etraying constituents and taxpayers, the U.S. Senate voted in May to permit illegal aliens to collect Social Security benefits based on past illegal employment, even if they obtained their jobs through fraud or documents stolen from Americans. By doing so, the Senate also approved an amnesty for the use of those fraudulent or stolen documents by the illegals.
"There was a felony they were committing, and now they can't be prosecuted," if the bill becomes law, said Sen. John Ensign, R-NV, who offered an amendment to take those provisions out of the immigration bill. "That sounds like amnesty to me," he said. "It just boggles the mind how people could be against this amendment."
Ensign's amendment was "tabled" by a vote of 50 to 49, which means the Senate voted against considering his amendment.
Immigration advocate Sen. John McCain, R-AZ, who hopes to become the Republican Party's nominee for president in 2008, said illegal aliens have "earned" Social Security benefits, and they should be entitled to receive them after winning the "guestworker" amnesty that the bill confers on them.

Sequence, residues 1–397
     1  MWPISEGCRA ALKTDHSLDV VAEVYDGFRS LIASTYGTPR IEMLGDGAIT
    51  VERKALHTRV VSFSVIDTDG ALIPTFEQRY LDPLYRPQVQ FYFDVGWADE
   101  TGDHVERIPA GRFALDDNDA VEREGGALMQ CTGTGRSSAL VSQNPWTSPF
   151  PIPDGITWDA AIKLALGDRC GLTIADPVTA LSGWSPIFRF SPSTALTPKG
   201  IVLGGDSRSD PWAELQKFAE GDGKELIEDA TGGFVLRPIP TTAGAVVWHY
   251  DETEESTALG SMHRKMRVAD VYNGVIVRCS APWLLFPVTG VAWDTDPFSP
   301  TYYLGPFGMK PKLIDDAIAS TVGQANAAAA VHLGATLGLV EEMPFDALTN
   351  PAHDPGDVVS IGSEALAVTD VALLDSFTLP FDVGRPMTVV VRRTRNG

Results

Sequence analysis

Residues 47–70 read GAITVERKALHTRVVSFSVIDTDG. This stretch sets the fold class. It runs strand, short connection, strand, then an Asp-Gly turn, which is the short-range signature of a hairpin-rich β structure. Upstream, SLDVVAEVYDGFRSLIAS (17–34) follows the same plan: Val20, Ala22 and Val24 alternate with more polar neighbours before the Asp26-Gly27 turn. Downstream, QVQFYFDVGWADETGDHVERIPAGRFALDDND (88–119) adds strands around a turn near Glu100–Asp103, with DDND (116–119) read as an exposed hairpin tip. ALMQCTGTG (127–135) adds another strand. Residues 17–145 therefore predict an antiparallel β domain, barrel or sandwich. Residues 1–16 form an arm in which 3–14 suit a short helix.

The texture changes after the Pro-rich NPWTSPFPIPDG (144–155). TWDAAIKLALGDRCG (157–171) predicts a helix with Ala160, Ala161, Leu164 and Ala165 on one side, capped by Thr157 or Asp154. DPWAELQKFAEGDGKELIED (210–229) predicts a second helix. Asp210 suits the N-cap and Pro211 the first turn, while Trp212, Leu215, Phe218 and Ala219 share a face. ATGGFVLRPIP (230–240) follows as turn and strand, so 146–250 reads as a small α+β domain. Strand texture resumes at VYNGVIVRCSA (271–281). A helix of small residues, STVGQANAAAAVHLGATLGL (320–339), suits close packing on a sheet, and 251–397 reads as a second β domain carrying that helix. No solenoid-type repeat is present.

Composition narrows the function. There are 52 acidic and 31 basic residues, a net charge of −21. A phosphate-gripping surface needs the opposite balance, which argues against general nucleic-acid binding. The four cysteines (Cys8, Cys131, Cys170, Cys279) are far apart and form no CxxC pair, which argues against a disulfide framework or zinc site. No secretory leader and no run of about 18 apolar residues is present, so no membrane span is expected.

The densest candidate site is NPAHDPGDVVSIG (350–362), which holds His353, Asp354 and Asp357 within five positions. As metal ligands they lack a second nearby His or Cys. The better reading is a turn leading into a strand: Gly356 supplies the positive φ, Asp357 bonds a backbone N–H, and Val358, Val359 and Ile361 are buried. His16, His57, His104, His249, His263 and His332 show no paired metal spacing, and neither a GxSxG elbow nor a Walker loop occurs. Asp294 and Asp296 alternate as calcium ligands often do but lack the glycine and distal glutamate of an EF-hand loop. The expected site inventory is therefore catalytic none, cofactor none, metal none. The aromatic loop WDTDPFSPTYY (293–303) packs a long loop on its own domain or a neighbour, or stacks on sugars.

"The Ensign amendment would undermine the work of these people by preventing lawfully present immigrant workers from claiming Social Security benefits that they earned before they were authorized to work in our community," he said.
The Senate immigration bill faces considerable opposition in the House, which passed its own version of immigration legislation months ago. As this issue of Middle American News goes to press, House and Senate members were still negotiating how to reconcile the two bills.
Here is the roll call vote on a motion to table the Ensign amendment on May 18. To table the amendment means to prevent the amendment from being voted on directly. A "Yes" vote was in favor of tabling the amendment, a "No" vote was against tabling.
Yes - 50
No - 49
Voting - 1